Deadly distractions: Victims' mothers back cell phone measure

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ATLANTA -- It was an emotional day at the state Capitol Monday as lawmakers heard from the mothers of three young people killed in traffic accidents caused by distracted drivers. They support a bill that would change the way a lot of us use our phones in the car. 

"She was a beautiful, vibrant 20-year-old junior nursing student at Georgia Southern University," Kathy Clark told a House committee Monday, describing her daughter Emily.  

Clark lost her daughter in 2015.  She was one of five nursing students whose car was slammed by a tractor trailer on I-16, driven by a man who told police he had no idea the car was in front of him had stopped in traffic.

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"This bill has the ability to save lives for every driver, every passenger and every pedestrian in Georgia," said Natalie Bacho, whose daughter Abby was nine years old when a driver plowed into the family minvan and took Abby’s life.  "All of this was caused by an 18-year-old who ran a red light as he was in a series of phone calls," Bacho told the committee.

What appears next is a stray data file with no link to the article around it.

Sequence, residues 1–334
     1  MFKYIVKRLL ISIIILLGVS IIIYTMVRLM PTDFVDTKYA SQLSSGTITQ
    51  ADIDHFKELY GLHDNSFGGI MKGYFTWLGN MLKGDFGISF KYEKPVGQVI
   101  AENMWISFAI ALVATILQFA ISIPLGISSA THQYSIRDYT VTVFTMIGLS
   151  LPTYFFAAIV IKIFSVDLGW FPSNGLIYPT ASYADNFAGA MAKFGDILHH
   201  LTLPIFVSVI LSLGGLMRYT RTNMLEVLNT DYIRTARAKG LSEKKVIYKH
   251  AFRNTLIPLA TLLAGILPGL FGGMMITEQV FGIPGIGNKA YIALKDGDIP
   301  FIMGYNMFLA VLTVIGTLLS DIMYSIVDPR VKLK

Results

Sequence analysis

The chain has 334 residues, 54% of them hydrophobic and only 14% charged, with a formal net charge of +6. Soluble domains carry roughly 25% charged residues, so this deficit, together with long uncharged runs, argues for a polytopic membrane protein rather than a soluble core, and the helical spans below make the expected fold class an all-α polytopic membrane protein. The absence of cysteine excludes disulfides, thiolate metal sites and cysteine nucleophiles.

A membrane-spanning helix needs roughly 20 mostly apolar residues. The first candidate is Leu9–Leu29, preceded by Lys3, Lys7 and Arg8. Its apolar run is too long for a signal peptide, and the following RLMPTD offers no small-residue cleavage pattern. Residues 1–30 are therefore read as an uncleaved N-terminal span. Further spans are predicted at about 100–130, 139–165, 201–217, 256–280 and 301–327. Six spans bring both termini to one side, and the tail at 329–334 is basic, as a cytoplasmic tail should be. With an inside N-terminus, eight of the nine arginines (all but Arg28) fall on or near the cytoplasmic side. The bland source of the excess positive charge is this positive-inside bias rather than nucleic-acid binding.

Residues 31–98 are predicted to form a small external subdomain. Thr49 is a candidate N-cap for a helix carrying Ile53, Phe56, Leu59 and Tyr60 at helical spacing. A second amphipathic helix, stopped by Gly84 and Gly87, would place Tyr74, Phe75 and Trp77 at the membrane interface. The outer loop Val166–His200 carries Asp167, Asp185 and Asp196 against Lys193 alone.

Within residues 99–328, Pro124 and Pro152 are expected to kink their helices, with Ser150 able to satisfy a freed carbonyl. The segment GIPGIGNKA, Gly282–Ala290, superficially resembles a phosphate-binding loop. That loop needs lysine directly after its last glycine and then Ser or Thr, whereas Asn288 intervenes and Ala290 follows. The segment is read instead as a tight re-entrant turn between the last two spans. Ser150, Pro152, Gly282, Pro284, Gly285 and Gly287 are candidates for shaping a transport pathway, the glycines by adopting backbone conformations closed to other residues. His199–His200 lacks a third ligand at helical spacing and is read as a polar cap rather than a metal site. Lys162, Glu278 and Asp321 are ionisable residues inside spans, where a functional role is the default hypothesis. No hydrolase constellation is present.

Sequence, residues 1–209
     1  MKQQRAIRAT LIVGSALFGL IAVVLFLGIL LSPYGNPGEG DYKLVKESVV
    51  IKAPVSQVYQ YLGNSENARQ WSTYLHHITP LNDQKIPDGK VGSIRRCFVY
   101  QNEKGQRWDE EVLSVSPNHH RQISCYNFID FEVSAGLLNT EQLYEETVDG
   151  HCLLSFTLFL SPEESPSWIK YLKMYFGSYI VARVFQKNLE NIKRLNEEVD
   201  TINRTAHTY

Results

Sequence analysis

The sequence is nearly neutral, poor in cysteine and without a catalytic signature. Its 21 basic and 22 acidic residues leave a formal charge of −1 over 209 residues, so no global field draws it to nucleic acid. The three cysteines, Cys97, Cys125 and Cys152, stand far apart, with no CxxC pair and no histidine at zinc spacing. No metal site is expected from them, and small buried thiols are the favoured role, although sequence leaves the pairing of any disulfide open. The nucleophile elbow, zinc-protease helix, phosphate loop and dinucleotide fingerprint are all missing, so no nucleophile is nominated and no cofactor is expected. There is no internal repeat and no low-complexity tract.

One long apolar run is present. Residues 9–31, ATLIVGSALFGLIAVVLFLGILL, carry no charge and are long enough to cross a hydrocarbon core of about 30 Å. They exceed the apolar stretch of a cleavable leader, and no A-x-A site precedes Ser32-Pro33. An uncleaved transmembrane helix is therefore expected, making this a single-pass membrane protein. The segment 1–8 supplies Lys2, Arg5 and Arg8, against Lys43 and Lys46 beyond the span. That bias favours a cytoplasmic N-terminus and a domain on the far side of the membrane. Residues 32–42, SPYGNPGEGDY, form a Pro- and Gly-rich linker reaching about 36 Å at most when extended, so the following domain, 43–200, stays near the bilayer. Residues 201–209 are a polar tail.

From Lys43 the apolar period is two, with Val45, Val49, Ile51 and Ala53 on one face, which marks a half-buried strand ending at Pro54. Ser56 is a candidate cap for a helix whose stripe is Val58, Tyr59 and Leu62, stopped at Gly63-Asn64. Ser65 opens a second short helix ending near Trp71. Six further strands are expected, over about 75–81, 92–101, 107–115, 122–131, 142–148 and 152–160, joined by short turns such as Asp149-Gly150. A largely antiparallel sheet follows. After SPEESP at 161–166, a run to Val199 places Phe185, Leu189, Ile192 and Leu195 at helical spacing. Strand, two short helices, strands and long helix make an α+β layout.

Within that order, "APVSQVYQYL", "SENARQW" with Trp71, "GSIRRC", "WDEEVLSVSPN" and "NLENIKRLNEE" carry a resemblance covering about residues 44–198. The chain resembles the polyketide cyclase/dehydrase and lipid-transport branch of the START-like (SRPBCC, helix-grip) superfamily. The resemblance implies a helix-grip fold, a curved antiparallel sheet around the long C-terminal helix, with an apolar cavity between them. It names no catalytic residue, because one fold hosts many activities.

Like Clark, she supports the bill.  It would outlaw phone use by hand, and would provide stiff penalties that increase with repeated convictions.  It would allow one swipe or touch of a phone to answer or make a call.  And it would allow hands-free GPS use.

Sherry Madliak’s son Parker was walking in Newnan when a driver swerved his car off the road and struck him.  Many backers of the bill want to see distracted driving take on the same cultural stigma as drunk driving. "I sit at a traffic light and see people all around me texting and talking and not paying attention," Madliak said.  "This carelessness took my son."

One committee member, Rep. Ed Setzler (R-Acworth), questioned whether the bill goes too far. He said drivers are distracted by everything from their 5-speed transmissions to passengers in the car.